We recently finished up our wedding invitations. We did the invitations ourselves, which involved finding stationary, figuring out the content, printing everything, and getting it all assembled in to envelopes. We both worked on the content and layout for each component of the invitation. Our parents helped us collect mailing addresses, but I also have to thank Facebook for helping out with that too. I purchased the massive quantities of postage we needed. Karen handled addressing all of the envelopes by hand. I handled printing everything as well as figuring out the return address labels. We used OpenOffice on Fedora Linux, which caused a bit of frustration, but really if we had been using any other office software, it would have been just as frustrating. As I told Karen, I am incapable of using office software (which she finds amusing because I work with computers, but I tell her it's just not the same as what I do).
But most importantly: invitations are done!
During the addressing phase, I learned more about preferred USPS addressing formats. Yeah, this is real edge-of-your-seat reading, I know. For starters, I was already familiar with the request by the USPS that addresses appear in all caps, no punctuation (except the hyphen in ZIP+4 codes or in street addresses), and using approved USPS short forms for types, directionals, and common words. The address should be left justified in the center of a #10 envelope, except centered is pretty loose since the scanners can pick it up from most anywhere on the front of an envelope. The return address is to be written in the same manner, but aligned to the upper left corner of the envelope. Postage is aligned to the upper right corner.
I learned some more specifics about preferred addressing and corrected some things I had wrong. For example:
- Directionals are to be abbreviated as N=North, S=South, W=West, and E=East. If you have an intermediate directional, use the same letters to abbreviate, but put a space between them. This is a really common mistake. Instead of writing NW, you need to write N W.
- Do not use the hash mark for the secondary unit number. If you know the secondary unit type, you need to use the abbreviation and then the number, e.g. APT 603. For each deliverable address, the USPS keeps normalized addresses in a database. They prefer you use those addresses on mailings. If you live in an apartment, but the USPS has your address listed as SUITE 603, you need to use SUITE 603 on your address. You can figure out your normalized address by looking it up on the USPS web site.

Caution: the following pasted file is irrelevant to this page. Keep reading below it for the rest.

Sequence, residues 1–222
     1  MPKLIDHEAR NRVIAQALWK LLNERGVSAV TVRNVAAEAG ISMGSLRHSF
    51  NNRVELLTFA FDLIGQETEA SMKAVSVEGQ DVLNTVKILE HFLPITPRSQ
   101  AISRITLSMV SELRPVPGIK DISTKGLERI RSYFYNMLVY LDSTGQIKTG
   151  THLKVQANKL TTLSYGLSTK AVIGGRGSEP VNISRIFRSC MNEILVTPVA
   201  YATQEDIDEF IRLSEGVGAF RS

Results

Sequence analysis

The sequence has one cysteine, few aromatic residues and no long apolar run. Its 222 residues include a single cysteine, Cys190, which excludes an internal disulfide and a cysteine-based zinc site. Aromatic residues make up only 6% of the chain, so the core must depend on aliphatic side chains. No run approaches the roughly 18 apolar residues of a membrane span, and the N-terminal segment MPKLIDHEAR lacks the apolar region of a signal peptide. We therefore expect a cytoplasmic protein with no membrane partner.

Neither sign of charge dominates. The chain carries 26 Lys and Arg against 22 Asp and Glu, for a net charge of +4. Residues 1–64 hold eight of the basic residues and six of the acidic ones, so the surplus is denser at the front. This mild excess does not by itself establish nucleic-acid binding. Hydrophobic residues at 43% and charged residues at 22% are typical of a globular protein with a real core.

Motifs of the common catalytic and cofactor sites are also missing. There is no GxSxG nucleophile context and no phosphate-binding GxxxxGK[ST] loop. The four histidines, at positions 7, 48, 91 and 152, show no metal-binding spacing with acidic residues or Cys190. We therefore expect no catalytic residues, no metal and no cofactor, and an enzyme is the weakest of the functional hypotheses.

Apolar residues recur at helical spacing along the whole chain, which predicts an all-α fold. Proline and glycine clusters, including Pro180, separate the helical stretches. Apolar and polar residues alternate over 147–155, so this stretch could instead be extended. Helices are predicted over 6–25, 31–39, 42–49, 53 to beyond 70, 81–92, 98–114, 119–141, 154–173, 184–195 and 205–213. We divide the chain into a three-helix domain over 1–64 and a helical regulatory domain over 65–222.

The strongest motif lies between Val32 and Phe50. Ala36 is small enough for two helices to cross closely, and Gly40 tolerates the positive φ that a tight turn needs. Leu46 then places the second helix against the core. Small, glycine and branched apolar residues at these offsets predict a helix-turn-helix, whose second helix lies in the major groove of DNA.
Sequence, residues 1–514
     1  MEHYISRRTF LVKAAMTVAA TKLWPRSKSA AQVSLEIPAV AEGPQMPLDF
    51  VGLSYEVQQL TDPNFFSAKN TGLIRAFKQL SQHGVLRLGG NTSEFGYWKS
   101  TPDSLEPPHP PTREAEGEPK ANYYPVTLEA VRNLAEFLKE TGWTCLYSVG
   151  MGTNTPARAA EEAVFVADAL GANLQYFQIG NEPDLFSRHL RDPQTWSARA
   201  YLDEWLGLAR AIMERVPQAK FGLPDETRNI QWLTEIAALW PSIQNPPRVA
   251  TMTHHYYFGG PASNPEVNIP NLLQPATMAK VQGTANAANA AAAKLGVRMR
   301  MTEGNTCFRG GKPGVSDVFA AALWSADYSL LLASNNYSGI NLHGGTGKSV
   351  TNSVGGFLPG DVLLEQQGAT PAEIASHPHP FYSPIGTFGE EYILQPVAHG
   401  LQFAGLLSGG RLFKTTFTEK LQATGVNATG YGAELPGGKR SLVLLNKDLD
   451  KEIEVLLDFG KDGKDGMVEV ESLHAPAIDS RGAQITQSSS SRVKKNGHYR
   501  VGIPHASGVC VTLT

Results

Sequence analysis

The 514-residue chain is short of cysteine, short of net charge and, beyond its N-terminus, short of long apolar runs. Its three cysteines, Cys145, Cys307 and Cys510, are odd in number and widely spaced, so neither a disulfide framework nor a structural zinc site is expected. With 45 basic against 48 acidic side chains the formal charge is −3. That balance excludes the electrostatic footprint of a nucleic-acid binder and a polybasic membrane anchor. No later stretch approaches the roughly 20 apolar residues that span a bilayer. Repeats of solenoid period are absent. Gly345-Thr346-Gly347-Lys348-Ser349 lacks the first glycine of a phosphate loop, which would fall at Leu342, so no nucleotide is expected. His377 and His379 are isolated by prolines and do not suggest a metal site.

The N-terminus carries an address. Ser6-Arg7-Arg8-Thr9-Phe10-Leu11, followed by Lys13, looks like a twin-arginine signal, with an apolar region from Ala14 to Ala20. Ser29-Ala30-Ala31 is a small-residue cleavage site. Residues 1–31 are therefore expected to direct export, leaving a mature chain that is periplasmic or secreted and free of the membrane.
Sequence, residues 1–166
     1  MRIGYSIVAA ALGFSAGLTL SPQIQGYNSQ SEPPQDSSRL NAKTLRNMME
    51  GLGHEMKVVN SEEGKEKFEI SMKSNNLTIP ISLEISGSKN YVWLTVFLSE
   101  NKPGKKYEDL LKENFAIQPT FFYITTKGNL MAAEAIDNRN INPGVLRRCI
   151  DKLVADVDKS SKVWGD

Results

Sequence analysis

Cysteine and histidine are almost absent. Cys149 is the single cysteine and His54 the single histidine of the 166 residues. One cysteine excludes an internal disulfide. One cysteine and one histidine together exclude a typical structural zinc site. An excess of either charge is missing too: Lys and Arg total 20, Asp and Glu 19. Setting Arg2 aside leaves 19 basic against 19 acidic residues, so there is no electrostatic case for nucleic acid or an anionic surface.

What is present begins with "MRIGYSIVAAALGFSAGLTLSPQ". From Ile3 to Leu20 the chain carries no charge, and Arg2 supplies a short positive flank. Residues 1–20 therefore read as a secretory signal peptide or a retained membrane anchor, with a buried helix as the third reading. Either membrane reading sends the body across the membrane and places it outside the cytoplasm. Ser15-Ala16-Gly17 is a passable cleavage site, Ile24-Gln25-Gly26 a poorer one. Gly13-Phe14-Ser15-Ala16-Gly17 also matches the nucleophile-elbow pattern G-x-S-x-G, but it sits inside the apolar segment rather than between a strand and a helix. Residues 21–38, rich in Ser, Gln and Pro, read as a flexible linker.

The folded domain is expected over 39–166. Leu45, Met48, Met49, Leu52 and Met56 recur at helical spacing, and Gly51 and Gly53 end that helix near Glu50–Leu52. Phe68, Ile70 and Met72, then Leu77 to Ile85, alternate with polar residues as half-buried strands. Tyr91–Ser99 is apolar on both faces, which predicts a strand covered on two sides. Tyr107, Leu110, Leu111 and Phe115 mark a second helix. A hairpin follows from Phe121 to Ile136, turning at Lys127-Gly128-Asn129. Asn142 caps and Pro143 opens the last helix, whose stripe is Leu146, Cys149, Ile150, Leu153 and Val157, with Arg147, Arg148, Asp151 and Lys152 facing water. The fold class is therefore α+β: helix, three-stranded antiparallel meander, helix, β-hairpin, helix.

- If you DO need to use a hash mark for the secondary unit number because you don't know what abbreviation you should use, put a space between the hash and the number, e.g. # 603.
- Do not write a comma between the place name and the state abbreviation on the last line. Instead of writing HONOLULU, HI you need to write HONOLULU HI.
- The hyphen is allowed in ZIP+4 codes and unit numbers (but only when it is part of the official unit number).
- Only put a single space between the state abbreviation and the ZIP code. I did know this, but I feel it's worth mentioning as the USPS preferred method conflicts with business and personal letter writing styles that we are all taught in school.
- Another I do know, but feel is worth mentioning are state and territory abbreviations. You need to use the two character USPS abbreviations and not GPO abbreviations that were taught thousands of years ago in school. That means writing AL instead of "Ala." and MA instead of "Mass."
- Addresses are scanned from right to left and from bottom to top, which means the most significant information is at the bottom right corner of the address, which is the ZIP+4 code. If you have other lines of information you want on the mailing, place it on the top lines. The general rule I've picked out of the USPS information is that there are 4 important lines on an address and everything else is extra (this is only true for personal mailing, not business mailing). That's the list line, secondary address line, delivery address lines, and the recipient line.
- Another I know, but want to point out. The city/state/zip line is really last line name/state/zip. The last line name does not necessarily correspond to city names. Last line names are assigned by the USPS and reflect city, town, CDP, or region names. You need to use the correct place name for your ZIP code, which may or may not correspond to the actual city or town you live in (though it may be an honoured exception).
I started looking this information up because while we were addressing invitations, Karen wanted the return address label on the back flap of the envelope and I wanted it in the upper left corner. I was trying to see if the back flap was acceptable. No conclusive answer found, but since it is not specifically stated, I can only assume it's not preferred.
What are the advantages to using preferred USPS addressing? More accurrate and faster deliveries. The USPS is extremely flexible when it comes to addresses, so these are not rules, they just ask that people follow them because it speeds up processing. It helps them help you.
Would you like to know more? Check out USPS Publication 28. It's a page turner, that's for sure.